In the matter of the estate of WILLIAM ADAMSON of Brownville, Jefferson Co., NY:
ISABELLA ADAMSON, widow of the deceased, stated that William had deceased on 2 February 1846 at Brownville and did not leave a will. Petition dated 16 February 1846.
This is a very confusing estate. Apparently, William Adamson was referred to as "Dr.". His creditors, of which there were many, pursued the widow relentlessly in court proceedings to pay his debts. The final inventory of his estate was a mere $700 or so dollars, but there was mention of Sacketts Harbor bank stock that had been converted for some other purpose and the doctor had used the money for his own purposes which created a great deal of anger amongst the creditors. Probate proceedings revealed a transfer in 1841 by Mrs. Adamson to a Jas. Hope, who was identified as her brother, a resident of Pamelia, Jefferson Co. On examination, it was learned that Mrs. Adamson was loaning money to Hope for the reason that she was not naturalized and could not hold the security (bank stock). The doctor also had included a "Mrs. Paddock" in his financial affairs, but her connection to him was not stated. A transfer of some bank stock to Loveland Paddock occurred on 19 Jan. 1846. A neighbor was called to the probate court for her testimony and explained that the transfer of stock that she had was in payment of $300 which Dr. Adamson owed to her. Many of his creditors were from London and Kingston, Ontario, Canada where the couple had lived prior to moving to Jefferson County in about 1837. Testimony revealed by another brother at the probate hearings that Isabella owned two houses and lots in Kingston, Canada and sold them for about $2,000 to get her money. Another witness testified that in about 1839 in a conversation with Dr. Adamson, that he (the witness) asked for a loan from the doctor at which time the doctor stated that he had none to lend and it took his pension to pay expenses. Jas. Hope, brother of Isabelle, stated that the couple had married in June of 1832 at Kingston and resided there for about 12 years. And she was a dressmaker who had a considerable business. When Isabella petitioned to open probate, she did not mention any heirs. However, in testimony in the probate court, a neighbor mentioned that he thought she had her own "estate", and that the wife of the man giving the testimony had knitted gloves and socks for the whole family. Testimony in probate court by Isabelle's brother, uncovered the fact that Mrs. Adamson had 5 children with her - the oldest was 14, and the youngest 7. The man also testified that he did not think the "doctor" ever practiced in Jefferson County as a physician. A document within the file showed that William Adamson had tried to get four children, not named, into an orphanage in Bengal? but the request was denied. The final arguments in the surrogate court became a question of whose money was it that Isabelle controlled. The Surrogate Court decided that upon marriage the money became a joint possession and that it should be used to pay the creditors of Dr. Adamson. Apparently, the doctor is buried in the Brownville cemetery with a death date of 2 February 1846, at 63 years. The inscription states he was a surgeon on the Bengal Establishment which may have been the source of his pension. The Bengal Establishment, was a medical unit established by English rule, with a troop in Canada which seems to be the unit that Dr. Adamson had been serving in prior to his retirement and subsequent pension.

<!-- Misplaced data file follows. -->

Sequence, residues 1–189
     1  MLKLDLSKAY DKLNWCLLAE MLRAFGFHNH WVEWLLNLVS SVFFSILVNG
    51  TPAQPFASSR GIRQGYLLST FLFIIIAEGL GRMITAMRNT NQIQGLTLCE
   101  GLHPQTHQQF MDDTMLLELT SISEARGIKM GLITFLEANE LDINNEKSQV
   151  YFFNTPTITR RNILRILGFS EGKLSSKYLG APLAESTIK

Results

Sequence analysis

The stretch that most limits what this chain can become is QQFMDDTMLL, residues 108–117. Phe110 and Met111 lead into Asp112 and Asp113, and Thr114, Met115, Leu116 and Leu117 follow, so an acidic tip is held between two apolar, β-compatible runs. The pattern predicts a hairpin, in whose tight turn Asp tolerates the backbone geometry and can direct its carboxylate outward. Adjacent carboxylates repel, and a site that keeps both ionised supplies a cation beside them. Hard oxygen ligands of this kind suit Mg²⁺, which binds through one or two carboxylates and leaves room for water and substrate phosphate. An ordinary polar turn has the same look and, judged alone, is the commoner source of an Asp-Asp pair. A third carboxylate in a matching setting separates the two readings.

Jefferson Co., NY Estate Papers, Box A1.
Information contributed by volunteer Marilyn Sapienza.
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